MANILA — President Obama turned up the heat again on China’s growing assertiveness in the South China Sea on Wednesday as world leaders gathered here for the start of the Asia-Pacific Economic Cooperation (APEC) summit meeting.

Speaking to reporters after a meeting with Philippine President Benigno Aquino III, Obama said they discussed how to address China’s provocations in disputed areas of the sea, including its creation of new islands and construction of lighthouses, ports, military facilities and airstrips.

“We agree on the need for bold steps to lower tensions, including pledging to halt further reclamation, new construction, and militarization of disputed areas in the South China Sea,” Obama said.

The South China Sea dispute has been a major focus surrounding the APEC event, which brings together 21 Pacific Rim leaders to focus on trade and business issues in the region. Countries such as the Philippines worry about China’s military presence and its domination over fishing grounds that have long been used by many nations in the region.

The president’s statement came on the heels of Tuesday’s visit to a Philippine Navy vessel and his announcement that the U.S. would transfer two additional ships to the Philippine Navy and provide $250 million in maritime security assistance to allies and partners in the region.

Once the APEC summit got underway, however, Obama toned down his rhetoric, focusing his remarks before an audience of business leaders almost entirely on the issue of climate change.

“If we want to prevent the worst effects of climate change before it’s too late, the time to act is now,” the president said, looking ahead to the upcoming global climate change conference in Paris at the end of November.

He underscored to his audience that clean energy offers great potential for future growth. “An ambitious agreement in Paris will prompt investors to invest in clean energy technologies because they will understand that the world is committed to a low-carbon future,” he said. “That’s a signal to the private sector to go all-in on renewable energy technologies. If we can get an agreement done, it could drive new jobs and new opportunities, an investment in a global economy that frankly needs a boost right now.”

Directly following Obama, Chinese President Xi Jinping addressed the CEO meeting. He also avoided the sensitive South China Sea issue, and instead delivered a policy platform highlighting China’s growing economic clout in the region as it becomes an economic counterweight to the United States.

Nor did Xi  mention the U.S.-led Trans-Pacific Partnership (TPP) trade agreement by name, but he cited “various new regional free trade arrangements popping up,” and warned that “there have been worries about the potential of fragmentation in this regard.” The 12-nation pact excludes China.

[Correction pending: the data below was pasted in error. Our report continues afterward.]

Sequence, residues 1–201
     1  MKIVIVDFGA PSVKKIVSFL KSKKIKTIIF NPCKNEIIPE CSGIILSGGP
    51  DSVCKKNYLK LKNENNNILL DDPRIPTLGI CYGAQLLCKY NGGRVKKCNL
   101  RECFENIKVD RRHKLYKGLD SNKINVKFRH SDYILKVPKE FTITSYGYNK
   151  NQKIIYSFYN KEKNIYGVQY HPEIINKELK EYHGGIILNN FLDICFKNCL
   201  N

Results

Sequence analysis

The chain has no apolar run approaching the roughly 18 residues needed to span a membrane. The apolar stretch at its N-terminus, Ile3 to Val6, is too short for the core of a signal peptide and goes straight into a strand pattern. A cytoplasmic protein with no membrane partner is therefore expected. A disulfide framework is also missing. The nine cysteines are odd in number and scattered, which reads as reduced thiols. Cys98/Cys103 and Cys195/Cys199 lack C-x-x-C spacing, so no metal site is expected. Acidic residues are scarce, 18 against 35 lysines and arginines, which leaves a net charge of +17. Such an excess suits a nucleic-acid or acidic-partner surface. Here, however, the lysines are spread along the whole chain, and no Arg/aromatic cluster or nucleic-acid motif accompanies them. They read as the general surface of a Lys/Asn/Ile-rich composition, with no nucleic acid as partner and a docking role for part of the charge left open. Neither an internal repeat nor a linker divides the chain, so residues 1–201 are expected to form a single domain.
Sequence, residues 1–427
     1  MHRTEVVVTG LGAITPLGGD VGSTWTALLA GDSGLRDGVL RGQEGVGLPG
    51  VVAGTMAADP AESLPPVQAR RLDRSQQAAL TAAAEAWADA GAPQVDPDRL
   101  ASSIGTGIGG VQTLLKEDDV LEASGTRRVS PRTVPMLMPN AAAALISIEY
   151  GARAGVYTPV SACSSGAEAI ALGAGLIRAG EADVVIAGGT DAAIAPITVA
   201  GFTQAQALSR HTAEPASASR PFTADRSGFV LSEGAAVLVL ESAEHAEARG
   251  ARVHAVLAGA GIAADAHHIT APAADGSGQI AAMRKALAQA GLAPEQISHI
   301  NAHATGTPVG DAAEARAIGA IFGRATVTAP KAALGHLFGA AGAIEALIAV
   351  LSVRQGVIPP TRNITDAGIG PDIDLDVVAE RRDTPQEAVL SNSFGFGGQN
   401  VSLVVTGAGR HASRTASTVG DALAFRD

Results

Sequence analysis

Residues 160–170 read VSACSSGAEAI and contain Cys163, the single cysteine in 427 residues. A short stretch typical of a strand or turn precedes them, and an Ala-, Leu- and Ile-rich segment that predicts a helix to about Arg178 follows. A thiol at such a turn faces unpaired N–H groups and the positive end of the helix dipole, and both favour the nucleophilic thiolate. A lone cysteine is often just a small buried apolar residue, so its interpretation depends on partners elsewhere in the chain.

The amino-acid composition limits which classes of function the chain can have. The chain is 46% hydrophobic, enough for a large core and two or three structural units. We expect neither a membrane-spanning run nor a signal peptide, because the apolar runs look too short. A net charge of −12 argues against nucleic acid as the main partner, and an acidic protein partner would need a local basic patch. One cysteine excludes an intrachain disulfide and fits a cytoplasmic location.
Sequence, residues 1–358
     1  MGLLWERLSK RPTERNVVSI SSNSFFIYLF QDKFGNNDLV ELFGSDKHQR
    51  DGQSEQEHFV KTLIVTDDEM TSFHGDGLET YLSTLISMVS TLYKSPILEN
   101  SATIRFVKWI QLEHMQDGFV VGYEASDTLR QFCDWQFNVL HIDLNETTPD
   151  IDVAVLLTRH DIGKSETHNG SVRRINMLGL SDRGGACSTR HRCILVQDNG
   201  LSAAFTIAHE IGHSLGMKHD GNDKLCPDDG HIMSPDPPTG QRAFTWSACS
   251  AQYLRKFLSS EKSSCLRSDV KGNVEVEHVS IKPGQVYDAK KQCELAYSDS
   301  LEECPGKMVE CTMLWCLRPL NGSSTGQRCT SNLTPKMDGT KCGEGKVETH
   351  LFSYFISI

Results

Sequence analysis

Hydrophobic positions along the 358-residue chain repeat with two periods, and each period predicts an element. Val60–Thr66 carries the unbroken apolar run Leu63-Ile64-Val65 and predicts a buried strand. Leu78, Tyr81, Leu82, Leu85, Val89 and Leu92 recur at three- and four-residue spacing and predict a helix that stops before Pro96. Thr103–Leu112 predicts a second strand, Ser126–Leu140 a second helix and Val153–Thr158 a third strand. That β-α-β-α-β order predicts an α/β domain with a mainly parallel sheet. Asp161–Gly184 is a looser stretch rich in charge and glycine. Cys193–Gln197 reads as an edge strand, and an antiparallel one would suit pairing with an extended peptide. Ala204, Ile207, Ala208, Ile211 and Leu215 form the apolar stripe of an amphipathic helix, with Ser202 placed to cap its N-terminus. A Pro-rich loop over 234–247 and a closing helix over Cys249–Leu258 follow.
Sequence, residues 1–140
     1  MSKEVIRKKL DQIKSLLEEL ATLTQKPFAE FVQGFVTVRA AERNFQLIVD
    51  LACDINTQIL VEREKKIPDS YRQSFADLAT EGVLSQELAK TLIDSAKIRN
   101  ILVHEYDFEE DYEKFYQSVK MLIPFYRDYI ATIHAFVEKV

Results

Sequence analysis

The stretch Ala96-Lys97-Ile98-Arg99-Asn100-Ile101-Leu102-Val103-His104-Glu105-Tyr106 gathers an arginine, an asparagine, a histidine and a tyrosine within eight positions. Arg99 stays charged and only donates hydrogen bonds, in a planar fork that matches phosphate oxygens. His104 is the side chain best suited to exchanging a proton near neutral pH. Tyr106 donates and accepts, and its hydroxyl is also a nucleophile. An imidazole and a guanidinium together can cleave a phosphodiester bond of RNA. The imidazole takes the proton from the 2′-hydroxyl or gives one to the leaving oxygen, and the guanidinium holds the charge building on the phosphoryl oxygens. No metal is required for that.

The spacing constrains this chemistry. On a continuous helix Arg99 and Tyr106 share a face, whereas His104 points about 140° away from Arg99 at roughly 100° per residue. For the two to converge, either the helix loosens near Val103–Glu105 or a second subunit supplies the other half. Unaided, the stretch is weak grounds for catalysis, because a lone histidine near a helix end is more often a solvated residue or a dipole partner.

Xi instead promoted China’s ambitious “One Road, One Belt” economic integration initiative and the new China-led Asian Infrastructure Investment Bank, which will challenge the World Bank and other international financial institutions in financing regional infrastructure projects. The Obama administration opposes that venture, fearing Chinese economic domination in Asia.

Although the APEC summit is focusing on economic issues, the South China Sea dispute continued to lurk in the background.

“The Chinese have said they felt the APEC forum was not an appropriate forum to discuss the South China Sea,” said Curtis S. Chin, former U.S. Ambassador to the Asian Development Bank and currently Asia Fellow at the Milken Institute. “I argue to the contrary, that the economic and the political cannot be separated. At the heart of trade and economic growth is freedom of navigation. How do you have trade when you can’t sail through waters a few miles off your coast? I felt today was a missed opportunity for President Obama in a very diplomatic way to make these points.”

After the CEO Summit, Obama participated in a meeting on the Trans-Pacific Partnership with the heads of state of the pact’s other 11 member countries. He also met separately with other leaders in attendance.

Chin said that talks on the sidelines of the summit may be the most productive ways to advance issues such as the TPP and the peaceful resolution of South China Sea territorial disputes, on which China has shown very little willingness to concede anything.

“[Peaceful resolution] will likely mean give and take on all sides, but clearly there’s been very little give on the Chinese side,” he said. “When it comes to these South China Sea territorial disputes, it’s all take.”